Q&A with Demon in the Wood Creators Leigh Bardugo and Dani Pendergast

September 7, 2022 | 11:00 AM

Q&A with Demon in the Wood Creators Leigh Bardugo and Dani Pendergast

By Team Fierce Reads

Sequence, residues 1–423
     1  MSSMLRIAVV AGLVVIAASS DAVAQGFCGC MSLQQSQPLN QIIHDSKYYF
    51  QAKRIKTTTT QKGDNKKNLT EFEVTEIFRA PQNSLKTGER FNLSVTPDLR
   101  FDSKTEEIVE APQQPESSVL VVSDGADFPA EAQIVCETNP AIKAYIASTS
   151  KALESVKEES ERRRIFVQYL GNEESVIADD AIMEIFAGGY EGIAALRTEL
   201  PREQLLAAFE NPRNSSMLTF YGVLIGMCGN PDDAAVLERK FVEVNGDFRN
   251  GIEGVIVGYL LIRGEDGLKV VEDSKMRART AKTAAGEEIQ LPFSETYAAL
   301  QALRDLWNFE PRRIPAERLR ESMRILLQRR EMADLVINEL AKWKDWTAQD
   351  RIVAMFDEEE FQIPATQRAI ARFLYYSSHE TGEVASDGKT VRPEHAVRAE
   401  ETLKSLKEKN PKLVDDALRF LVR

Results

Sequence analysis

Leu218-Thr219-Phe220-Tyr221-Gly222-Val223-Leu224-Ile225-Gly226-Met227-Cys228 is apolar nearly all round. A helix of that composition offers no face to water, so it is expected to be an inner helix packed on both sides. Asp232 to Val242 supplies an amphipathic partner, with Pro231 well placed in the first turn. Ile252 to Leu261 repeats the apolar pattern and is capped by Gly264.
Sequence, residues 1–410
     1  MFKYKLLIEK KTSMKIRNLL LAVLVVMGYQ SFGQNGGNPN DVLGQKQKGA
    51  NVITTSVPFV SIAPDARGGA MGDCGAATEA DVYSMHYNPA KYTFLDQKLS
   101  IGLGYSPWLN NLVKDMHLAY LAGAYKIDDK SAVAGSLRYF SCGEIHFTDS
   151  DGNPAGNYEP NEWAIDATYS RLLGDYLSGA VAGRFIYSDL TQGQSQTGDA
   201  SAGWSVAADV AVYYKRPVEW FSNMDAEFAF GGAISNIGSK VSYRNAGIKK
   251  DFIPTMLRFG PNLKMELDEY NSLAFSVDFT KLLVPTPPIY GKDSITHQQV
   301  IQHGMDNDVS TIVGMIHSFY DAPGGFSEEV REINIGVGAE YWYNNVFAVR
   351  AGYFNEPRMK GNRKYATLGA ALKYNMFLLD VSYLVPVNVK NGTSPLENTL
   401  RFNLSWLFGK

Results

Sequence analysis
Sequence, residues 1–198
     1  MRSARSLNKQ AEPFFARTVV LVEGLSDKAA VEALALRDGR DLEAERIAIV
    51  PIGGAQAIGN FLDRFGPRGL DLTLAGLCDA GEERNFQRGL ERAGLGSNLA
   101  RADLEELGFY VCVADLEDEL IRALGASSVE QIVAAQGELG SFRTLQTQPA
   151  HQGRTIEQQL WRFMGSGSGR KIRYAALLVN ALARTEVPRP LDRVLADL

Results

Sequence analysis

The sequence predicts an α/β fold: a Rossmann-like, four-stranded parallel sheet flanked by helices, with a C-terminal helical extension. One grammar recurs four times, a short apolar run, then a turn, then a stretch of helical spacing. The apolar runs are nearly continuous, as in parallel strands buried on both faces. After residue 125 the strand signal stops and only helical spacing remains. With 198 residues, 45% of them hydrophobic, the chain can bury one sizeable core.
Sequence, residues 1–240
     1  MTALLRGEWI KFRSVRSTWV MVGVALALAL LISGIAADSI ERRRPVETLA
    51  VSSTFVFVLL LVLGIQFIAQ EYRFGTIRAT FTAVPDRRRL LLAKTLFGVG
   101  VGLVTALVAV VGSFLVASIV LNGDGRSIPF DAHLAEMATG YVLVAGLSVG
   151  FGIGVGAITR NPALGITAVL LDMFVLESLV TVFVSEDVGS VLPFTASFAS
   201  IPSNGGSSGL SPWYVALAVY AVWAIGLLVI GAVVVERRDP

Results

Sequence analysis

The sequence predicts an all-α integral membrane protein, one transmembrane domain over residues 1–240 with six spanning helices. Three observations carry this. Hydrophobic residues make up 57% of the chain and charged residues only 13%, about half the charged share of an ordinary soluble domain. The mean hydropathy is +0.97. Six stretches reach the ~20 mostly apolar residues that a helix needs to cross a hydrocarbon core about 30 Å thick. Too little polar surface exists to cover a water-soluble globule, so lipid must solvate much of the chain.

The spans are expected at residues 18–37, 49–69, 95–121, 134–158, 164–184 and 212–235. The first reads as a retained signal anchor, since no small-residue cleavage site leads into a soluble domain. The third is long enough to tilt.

Can you believe Demon in the Wood, the graphic novel prequel to the Shadow and Bone series with illustrations by the talented Dani Pendergast, comes out this month?! To answer some of your burning questions about the Darkling’s origin story come to life, keep reading for an exclusive Q&A with Leigh Bardugo and Dani Pendergast! Demon in the Wood is the origin story of the Darkling and a prequel to the Shadow and Bone series. Leigh, what made you want to tell the Darkling’s story in this format? Dani, what was most exciting about bringing this iconic character’s story to life through your illustrations? LEIGH: This story operates a bit like a fairytale from The Language of Thorns, with many of the same themes: love, cruelty, magic, and its consequences. It felt like a natural fit for a graphic novel. I first wrote a version of "Demon in the Wood" back in 2014, in anticipation of the release of Ruin and Rising. As I took the Darkling deeper into villain territory, I wanted a chance to show a different side of him, the boy who had been shaped by his mother's fears and ambition, a child who spent so many years in hiding—even from his own people. I think I felt that same impulse as the Netflix adaptation introduced this character to a new audience.   DANI: Approaching such a story with an established character like the Darkling was intimidating at first, but I couldn't have found a story more in-line with my personal taste. The part I most anticipated was figuring out how I would convey the Grisha's different powers visually and, most importantly, Eryk's and Lena's shadows. I also enjoyed emphasizing the small interactions between characters to capture their humanity in those moments. What was it like collaborating on Demon in the Wood LEIGH: Dani blew me away at every turn. I knew her work was brilliant but I wasn't sure where she'd take this story. She has such a sense of how to stage a scene for the most emotional payoff and how to wring the most impact out of even quiet moments. DANI: This was such a wonderful experience on a collaboration project. Leigh's ability to create dire situations where each character will go to any length to protect the ones they love and survive while remaining sympathetic is brilliant. Starting with such a well-written story made my part of translating the Darkling's past into visual media that much easier. I felt so entrusted with this story as I had the freedom to inject my visual language throughout the entire project. Demon in the Wood is your first graphic novel. How did the writing experience differ from your other works? Was there anything that surprised you?  LEIGH: My work is usually so solitary and I really enjoyed the collaboration on this. I worked on the script with Kyla Vanderklugt and that was a massive help as this is a new medium for me. I suppose the process is closer to screenwriting in that you have to let go of the pretty prose and leave the right spaces for the artist to tell the story. At the same time, you have so much more control than in a screen adaptation. You and the artist get to be the director, cinematographer, casting director, costume designer, production designer.  Dani, is Demon in the Wood your first introduction to the Grishaverse or were you already familiar with this world before signing onto the project? DANI: I remember reading “The Demon in the Wood” short story as my first introduction to the Grishaverse, and I could instantly tell that it would translate beautifully into a graphic novel. I also found myself confused in the beginning by the vocabulary and googling words like Grisha, amplifier, and Otkazat'sya. I had to tread lightly because I kept seeing spoilers to Leigh's other books! After finishing the prequel, I was hooked and wanted to keep reading stories within this beautifully constructed universe. The next day, I ran out to get the Shadow and Bone trilogy, tore through them so quickly, and had a soft spot for the Darkling the whole time, sigh.  If you had to pick just one favorite scene or panel sequence from the graphic novel, which would you choose and why? LEIGH: The scene on the ice toward the end is my favorite. There's a moment right before we cut away to Eryk's flashback that I think Dani took to such a powerful, heartbreaking place. DANI: I have a few, but my favorite from conception to execution was the ice scene near the end. When I read the short story, it was the part I was most excited to draw and the one that came so easily when I sketched out my thumbnails. I don't want to give too much away, but it is when the ice starts to form, and Annika walks up to Eryk. I can't get enough of the shift in the emotional tone and the rise in tension in those panels. Without sharing any spoilers, what do you hope readers take away from this story?  LEIGH: It was important to me that the Darkling's goals be rooted in something we can all sympathize with, in a worthy, even noble cause, not in some whacky desire to destroy the world or just because he's "evil." I'm not interested in antagonists like that and I don't think they present any kind of real challenge to the reader. I hope people come away feeling like they have another piece of the puzzle and know this character a bit better—no matter how they feel about the choices he makes.  Submit your preorder receipt for Demon in the Wood and we’ll send you a lenticular mini poster! Hurry–this offer ends at midnight on 9/26! Submit your preorder receipt here!    

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